1 Answer | Add Yours
This poem, which is not to be confused by Muir's other poem about horses entitled "The Horses," presents an image from the world of farming as the speaker looks at horses pulling a plough across a field. However, ironically, although this image would seem to demonstrate man's mastery over the horse and his dominance over nature as a whole, the speaker only views the horses as being symbols of power and strength that are not able to be tamed by man and are independent in their own right. He wonders why the horses that he sees "seem terrible, so wild and strange," and he sees in them a kind of "magic power" that is captured most strongly when they return home at dusk, and for one moment, the speaker sees before him mythological beasts instead of horses who overwhelm him with their power and presence:
They came, they seemed gigantic in the gloam
And warm and glowing with mysterious fire
That lit their smouldering bodies in the mire.
Their eyes as brilliant and as wide as the night
Gleamed with a cruel apocalyptic light.
Their manes the leaping ire of the wind
Lifted with rage invisible and blind.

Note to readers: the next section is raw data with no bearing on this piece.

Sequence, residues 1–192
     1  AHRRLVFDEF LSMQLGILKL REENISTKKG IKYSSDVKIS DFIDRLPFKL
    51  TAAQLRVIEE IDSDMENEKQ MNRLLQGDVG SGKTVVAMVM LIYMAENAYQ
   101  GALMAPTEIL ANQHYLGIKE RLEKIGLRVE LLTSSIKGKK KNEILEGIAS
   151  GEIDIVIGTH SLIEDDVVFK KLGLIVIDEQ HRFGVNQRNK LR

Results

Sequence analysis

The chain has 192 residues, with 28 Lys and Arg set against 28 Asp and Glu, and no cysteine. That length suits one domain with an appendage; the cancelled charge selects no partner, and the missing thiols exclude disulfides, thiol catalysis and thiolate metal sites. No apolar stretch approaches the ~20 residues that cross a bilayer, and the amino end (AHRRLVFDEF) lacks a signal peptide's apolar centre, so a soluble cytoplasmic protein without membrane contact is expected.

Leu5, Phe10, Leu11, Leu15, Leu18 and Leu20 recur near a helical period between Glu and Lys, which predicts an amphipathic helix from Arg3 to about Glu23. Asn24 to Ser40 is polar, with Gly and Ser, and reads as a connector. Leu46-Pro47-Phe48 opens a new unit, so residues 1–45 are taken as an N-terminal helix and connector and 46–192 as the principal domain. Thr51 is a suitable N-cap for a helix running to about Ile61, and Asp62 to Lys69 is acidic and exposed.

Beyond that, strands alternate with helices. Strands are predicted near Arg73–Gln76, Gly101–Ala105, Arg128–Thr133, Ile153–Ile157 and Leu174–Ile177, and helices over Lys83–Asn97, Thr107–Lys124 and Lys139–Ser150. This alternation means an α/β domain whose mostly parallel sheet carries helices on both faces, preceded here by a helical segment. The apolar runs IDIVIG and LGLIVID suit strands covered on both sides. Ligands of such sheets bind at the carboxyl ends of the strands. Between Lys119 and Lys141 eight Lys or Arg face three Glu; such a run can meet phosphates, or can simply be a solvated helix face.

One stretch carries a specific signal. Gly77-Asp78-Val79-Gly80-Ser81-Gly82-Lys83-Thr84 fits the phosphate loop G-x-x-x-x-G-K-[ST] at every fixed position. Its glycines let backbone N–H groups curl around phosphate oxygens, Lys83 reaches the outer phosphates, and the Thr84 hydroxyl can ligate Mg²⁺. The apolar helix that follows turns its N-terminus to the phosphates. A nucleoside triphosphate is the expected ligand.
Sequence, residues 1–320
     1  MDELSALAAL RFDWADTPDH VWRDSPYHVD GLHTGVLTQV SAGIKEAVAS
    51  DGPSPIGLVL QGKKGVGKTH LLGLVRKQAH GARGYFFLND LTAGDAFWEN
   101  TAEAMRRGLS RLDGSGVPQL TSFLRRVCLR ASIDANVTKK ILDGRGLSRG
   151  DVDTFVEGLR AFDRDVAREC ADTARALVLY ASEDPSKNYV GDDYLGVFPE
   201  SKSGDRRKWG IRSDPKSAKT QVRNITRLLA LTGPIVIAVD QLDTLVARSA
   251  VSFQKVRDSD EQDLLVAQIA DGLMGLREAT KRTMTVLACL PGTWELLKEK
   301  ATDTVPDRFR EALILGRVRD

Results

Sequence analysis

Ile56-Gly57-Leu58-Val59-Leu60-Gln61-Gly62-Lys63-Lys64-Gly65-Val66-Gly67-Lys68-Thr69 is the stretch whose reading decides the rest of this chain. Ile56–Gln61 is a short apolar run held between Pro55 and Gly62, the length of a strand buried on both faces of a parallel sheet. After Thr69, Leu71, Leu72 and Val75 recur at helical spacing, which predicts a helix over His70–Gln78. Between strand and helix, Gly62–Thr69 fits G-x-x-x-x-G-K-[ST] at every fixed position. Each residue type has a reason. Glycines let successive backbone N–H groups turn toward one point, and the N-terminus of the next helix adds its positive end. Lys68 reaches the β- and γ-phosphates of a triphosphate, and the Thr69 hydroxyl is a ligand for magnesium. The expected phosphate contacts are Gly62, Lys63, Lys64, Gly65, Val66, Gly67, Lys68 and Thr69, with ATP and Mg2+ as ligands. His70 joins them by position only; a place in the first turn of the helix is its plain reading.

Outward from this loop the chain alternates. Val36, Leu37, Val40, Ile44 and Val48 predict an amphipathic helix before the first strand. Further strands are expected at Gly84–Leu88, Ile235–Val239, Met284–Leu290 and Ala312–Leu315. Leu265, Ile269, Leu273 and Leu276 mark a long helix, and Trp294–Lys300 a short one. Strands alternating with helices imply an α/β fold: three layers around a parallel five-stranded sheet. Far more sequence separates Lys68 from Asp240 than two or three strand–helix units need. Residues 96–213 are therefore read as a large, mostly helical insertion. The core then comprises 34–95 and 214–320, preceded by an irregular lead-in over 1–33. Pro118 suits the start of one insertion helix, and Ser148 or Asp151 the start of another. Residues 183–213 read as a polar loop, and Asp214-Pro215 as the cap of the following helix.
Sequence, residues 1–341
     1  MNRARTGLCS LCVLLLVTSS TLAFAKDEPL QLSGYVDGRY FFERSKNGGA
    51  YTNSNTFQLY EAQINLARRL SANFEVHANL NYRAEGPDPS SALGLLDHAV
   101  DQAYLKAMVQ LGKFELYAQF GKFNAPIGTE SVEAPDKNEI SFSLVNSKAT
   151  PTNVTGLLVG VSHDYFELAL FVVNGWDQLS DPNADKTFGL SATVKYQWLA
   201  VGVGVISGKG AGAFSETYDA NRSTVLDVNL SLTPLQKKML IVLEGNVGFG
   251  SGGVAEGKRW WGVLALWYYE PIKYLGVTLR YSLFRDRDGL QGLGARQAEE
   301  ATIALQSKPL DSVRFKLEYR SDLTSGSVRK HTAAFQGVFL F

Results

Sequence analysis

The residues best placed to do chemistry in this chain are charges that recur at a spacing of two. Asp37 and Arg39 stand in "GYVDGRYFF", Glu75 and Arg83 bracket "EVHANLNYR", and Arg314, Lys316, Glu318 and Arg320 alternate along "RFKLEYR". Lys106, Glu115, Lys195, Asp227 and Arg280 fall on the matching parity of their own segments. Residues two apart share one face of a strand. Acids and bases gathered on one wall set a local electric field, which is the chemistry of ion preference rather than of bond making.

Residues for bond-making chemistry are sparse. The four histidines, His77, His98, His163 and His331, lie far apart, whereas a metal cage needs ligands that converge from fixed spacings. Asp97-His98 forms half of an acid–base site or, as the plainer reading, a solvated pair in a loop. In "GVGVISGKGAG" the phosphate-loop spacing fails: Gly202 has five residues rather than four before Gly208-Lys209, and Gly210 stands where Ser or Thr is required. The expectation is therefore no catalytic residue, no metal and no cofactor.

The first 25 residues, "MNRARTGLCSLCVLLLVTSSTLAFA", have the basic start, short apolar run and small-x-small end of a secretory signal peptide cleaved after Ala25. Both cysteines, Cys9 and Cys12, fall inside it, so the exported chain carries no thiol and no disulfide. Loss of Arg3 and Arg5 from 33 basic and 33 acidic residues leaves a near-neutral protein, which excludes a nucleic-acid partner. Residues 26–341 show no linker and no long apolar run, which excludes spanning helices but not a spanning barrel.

Note the qualities that are associated with these horses through a series of similes and implied metaphors: they are linked with the "leaping ire of the wind" and a "rage invisible and blind," and they seem to burn with a "mysterious fire." However, by the end of the poem, the speaker, with sadness, comments on how this vision fades away, and he is left to "pine" the sight he experienced, and as a result is left diminished himself. The main theme of the poem seems to focus on the way in which man has domesticated nature, but yet how nature itself, symbolised in the form of the horses, still has immense power and might. Man, by the end of the poem, is shown to be diminished by its domestication of nature, and to be left the poorer as a result.
We’ve answered 319,205 questions. We can answer yours, too.Ask a question